In light of the most recent Congressional vote to de-fund Planned Parenthood, I would like my response to reflect the same approach I've had to this issue for most of my life. Some folks know that about ten years ago I embarked on a project called The Faces of Choice where I endeavored to provide a forum for women to tell their stories regarding difficult or unwanted pregnancies. I wanted to elevate the conversation to include women that chose termination as well as those who didn't, but nonetheless struggled with the decision (because it is NEVER an easy one). I had hoped to publish these stories as a book and that didn't work out. I then moved on to creating a website where a community could be established for women who wanted to share their stories and support each other. For a whole host of reasons, that didn't take off, either. But the website still exists and I write here about why I was so passionate about the work. I know I'm probably preaching to the choir here, but if anyone is on the fence about whether or not it is important to fund the work that organizations like Planned Parenthood does and to stay the hell out of a woman's private medical decisions, I encourage you to go read it.

Tuesday, September 15, 2015

Ear Worm Analysis (as opposed to dream analysis)

I have begun a new writing project. I'm not sure whether it is simply something I will do every morning as sort of a free-writing exercise to "get the juices flowing" so to speak, or if it will turn into something. At this point, I've given up trying to predict what will bear fruit and what won't. I have proven myself to be woefully inaccurate at that. So often, I send out something for publication that I think is really damn good and it gets roundly rejected over and over again and then I will write something here on the blog that gets a tiny readership and folks respond by saying it ought to be spread all over the place for more people to see. (By the way, anytime you feel that way about anything I write, you are hereby given permission to share, share, share. Just sayin'...)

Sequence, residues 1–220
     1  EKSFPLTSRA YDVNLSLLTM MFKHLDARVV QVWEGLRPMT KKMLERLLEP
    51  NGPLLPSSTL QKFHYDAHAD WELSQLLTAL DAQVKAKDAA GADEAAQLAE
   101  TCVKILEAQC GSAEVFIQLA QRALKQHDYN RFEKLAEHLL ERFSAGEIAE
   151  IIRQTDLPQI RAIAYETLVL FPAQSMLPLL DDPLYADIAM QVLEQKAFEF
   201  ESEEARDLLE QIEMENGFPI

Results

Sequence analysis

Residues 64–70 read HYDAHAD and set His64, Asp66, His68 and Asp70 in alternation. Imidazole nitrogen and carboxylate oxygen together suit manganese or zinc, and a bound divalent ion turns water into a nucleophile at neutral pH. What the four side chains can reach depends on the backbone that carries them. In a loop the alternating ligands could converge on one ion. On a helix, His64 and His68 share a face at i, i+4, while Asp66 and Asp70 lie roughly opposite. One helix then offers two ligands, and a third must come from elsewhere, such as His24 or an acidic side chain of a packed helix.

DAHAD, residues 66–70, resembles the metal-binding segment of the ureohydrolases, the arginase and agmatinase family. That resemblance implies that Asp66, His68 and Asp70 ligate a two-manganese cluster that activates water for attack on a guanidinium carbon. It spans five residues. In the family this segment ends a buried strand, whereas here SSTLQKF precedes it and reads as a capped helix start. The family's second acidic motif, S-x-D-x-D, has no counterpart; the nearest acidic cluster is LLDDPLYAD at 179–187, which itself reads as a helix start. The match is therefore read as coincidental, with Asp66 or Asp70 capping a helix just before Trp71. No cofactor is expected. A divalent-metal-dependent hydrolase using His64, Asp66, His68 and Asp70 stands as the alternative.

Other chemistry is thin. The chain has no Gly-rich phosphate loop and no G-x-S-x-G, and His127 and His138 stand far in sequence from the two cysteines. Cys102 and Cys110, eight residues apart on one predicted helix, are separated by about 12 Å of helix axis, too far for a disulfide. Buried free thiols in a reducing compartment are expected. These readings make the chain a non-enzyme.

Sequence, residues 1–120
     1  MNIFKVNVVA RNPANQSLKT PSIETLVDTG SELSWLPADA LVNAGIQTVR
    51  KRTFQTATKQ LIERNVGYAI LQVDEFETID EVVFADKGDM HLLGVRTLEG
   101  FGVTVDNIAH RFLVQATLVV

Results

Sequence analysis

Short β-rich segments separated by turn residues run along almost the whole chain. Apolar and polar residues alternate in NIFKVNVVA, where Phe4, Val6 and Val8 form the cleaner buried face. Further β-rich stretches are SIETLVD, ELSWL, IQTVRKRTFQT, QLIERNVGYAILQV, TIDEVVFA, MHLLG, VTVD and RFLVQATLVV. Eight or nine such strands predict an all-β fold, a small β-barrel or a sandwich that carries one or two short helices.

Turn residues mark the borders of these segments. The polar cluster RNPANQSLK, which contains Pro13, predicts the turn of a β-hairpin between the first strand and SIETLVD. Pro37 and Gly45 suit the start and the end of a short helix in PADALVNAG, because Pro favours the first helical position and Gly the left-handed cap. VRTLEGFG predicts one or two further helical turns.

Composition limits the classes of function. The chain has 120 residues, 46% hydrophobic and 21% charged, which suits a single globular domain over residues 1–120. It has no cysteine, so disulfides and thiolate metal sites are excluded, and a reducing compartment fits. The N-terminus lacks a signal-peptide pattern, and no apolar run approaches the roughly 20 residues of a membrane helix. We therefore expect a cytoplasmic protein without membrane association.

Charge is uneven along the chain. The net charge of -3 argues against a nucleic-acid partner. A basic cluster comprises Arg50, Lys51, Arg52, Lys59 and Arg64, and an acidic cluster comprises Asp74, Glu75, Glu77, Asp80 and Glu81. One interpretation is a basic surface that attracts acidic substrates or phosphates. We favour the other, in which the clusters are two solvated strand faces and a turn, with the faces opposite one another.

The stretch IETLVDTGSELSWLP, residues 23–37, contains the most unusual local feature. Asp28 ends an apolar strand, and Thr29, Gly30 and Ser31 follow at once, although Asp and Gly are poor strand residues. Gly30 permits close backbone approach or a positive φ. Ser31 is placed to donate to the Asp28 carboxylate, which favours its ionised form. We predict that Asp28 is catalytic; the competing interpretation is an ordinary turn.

Anyway, this new project was spurred by the fact that I wake up each and every morning with a snippet of a song in my head - like an ear worm that I inflict upon myself. The song is generally different every day, and it often takes me half an hour or so to even notice that it's been playing in the background for a while. It is my brain's elevator music, but stuck on one phrase so that it plays the same lines over and over again.  I am pretty sure I was in my 30s before I realized that this is something not everyone does - wakes up with music playing in their head.  

I don't remember my dreams except for maybe a few times a year, but the other day it occurred to me that perhaps there is just as much good information in the songs in my head. After all, they must be a function of my subconscious, right? Last week, I decided to start writing them all down along with a little journal entry and see if I can find a pattern. Of course, the first thing I worried about was that I might somehow subconsciously influence myself simply by paying attention, so I do my best to write about it and forget it during the day. 

I'm six days in and so far, I have no clue. The songs have run the gamut from annoying pop songs (although, interestingly, not ones that the girls tend to listen to a lot - they are more into independent singer/songwriter stuff or, in Lola's case, Panic at the Disco) to, yesterday morning, the theme song from James Bond - I shit you not. Try writing that one down. There are no lyrics. It's just "dun-dun-dun-dun-dun-dun-dun-dun, dun-dun-dun-dun-dun-dun-dun-dun...DUN-DUN." 

If nothing else, it is a reason to plant my butt in a chair and write first thing in the morning, and that I appreciate. Because my brain is so suggestible when it comes to music, if I don't record the song before I see or talk to anyone else in the morning, it could easily be replaced by another one that the girls are listening to as they get ready in the morning. Or, if Bubba is home, he delights in planting obnoxious songs in my head just to see if he can - his favorite ones are Guns 'n Roses songs because I can't stand them.